CALGARY — The work to search for and document Alberta’s unmarked graves and deaths at residential schools will take “years,” say those who are partnering with communities on the work.
The University of Alberta’s Institute of Prairie and Indigenous Archaeology (IPIA) is using ground-penetrating technology and drones to search for unmarked burial sites. It’s already partnered with five communities, including the Enoch Cree First Nation and Papaschase First Nation.
Professor Kisha Supernant, who is Métis, said more communities are reaching out after the discovery of 215 unmarked graves in Kamloops and 751 unmarked graves on the Cowessess First Nation in Saskatchewan.
“We’ve had a pretty steady stream of inquiries and First Nations and Métis communities reaching out to us to talk about ways that they can start this (work),” Supernant said.
She called the news out of B.C. and Saskatchewan heartbreaking, but not surprising.
“I think there are many unmarked graves across many of these landscapes around residential schools, and there are other places where our relatives, our Indigenous relatives, are in unmarked graves and unprotected areas,” she said.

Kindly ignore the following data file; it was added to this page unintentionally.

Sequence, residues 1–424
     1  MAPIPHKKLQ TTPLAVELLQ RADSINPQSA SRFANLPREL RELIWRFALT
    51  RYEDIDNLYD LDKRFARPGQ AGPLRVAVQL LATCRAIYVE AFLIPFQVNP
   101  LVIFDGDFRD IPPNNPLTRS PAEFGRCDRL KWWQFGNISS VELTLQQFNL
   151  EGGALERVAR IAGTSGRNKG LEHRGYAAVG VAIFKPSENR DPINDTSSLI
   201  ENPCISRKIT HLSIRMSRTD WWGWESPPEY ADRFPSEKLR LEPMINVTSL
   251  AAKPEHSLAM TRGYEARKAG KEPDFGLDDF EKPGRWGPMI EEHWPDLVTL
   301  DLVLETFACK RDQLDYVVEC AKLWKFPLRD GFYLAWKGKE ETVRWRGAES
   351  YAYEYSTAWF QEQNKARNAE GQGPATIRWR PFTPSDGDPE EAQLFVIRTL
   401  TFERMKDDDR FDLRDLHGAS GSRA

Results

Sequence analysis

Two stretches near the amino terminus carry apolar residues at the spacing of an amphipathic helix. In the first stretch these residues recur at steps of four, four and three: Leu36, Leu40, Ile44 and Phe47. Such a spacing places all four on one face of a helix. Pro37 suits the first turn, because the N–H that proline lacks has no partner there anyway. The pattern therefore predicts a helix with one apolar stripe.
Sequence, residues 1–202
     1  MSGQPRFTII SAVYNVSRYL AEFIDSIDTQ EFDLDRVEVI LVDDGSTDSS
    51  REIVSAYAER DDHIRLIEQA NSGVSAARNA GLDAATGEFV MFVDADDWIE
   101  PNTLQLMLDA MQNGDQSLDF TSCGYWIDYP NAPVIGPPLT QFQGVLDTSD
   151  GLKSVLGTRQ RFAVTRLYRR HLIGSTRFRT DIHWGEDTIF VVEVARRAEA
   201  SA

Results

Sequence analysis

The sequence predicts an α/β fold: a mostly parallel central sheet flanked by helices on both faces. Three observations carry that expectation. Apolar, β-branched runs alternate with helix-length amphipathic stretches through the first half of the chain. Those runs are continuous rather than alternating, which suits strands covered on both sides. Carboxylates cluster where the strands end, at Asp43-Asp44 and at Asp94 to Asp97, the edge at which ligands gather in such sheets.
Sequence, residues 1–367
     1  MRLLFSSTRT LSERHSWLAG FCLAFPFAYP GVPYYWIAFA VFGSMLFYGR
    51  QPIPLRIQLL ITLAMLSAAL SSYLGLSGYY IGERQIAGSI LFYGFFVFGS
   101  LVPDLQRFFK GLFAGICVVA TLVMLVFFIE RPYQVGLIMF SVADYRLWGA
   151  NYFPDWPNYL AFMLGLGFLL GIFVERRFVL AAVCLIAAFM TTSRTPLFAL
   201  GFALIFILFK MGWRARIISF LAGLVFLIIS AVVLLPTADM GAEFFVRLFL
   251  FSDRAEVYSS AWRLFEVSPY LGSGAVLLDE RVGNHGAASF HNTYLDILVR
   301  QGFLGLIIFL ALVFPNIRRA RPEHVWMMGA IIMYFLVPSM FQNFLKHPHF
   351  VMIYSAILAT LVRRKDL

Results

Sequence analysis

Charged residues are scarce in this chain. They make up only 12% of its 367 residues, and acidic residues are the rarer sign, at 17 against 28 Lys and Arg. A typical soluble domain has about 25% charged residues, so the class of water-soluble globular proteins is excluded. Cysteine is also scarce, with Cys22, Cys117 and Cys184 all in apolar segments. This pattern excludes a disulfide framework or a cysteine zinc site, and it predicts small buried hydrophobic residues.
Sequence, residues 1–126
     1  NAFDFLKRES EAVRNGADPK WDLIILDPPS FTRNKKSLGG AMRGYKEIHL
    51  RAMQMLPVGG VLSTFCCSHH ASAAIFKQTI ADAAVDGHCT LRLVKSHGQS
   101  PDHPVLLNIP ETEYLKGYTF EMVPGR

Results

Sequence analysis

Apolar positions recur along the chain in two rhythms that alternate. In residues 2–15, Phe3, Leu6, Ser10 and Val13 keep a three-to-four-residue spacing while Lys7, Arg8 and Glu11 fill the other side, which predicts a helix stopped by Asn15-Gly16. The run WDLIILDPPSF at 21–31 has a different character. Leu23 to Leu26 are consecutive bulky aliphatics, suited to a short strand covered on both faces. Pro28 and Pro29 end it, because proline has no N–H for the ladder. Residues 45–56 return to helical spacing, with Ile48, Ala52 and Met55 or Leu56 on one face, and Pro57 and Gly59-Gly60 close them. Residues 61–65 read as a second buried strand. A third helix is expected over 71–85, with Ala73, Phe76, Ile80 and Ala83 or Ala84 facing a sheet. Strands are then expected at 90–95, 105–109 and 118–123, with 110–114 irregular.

FUNDING TO DOCUMENT UNMARKED GRAVES
On Wednesday, the Alberta Government announced $8 million in funding to search and document unmarked graves.
Searching the province could take a long time, Supernant said. Alberta was home to the most residential schools of any province or territory in Canada.
At least 134 schools are recognized in the country, 25 of them were here in Alberta between 1893 and 1996.
“This is going to have to be addressed on a nation-by-nation basis, to have the community and the family members decided how they want to go forward,” said Core Voyageur, a sociology professor at the University of Calgary.
“We can’t take the process and the decisions out of the hands of the family and of the First Nations,” she said.
Voyageur is a residential school survivor herself, having attended the Holy Angels Residential School in Fort Chipewyan, Alta.
Her research suggests there at least 4,200 students estimated to have died at Canadian residential schools.
“I’m fully expecting that we’re going to find human remains in my own community, and this is going to impact my family and friends,” Voyageur said.
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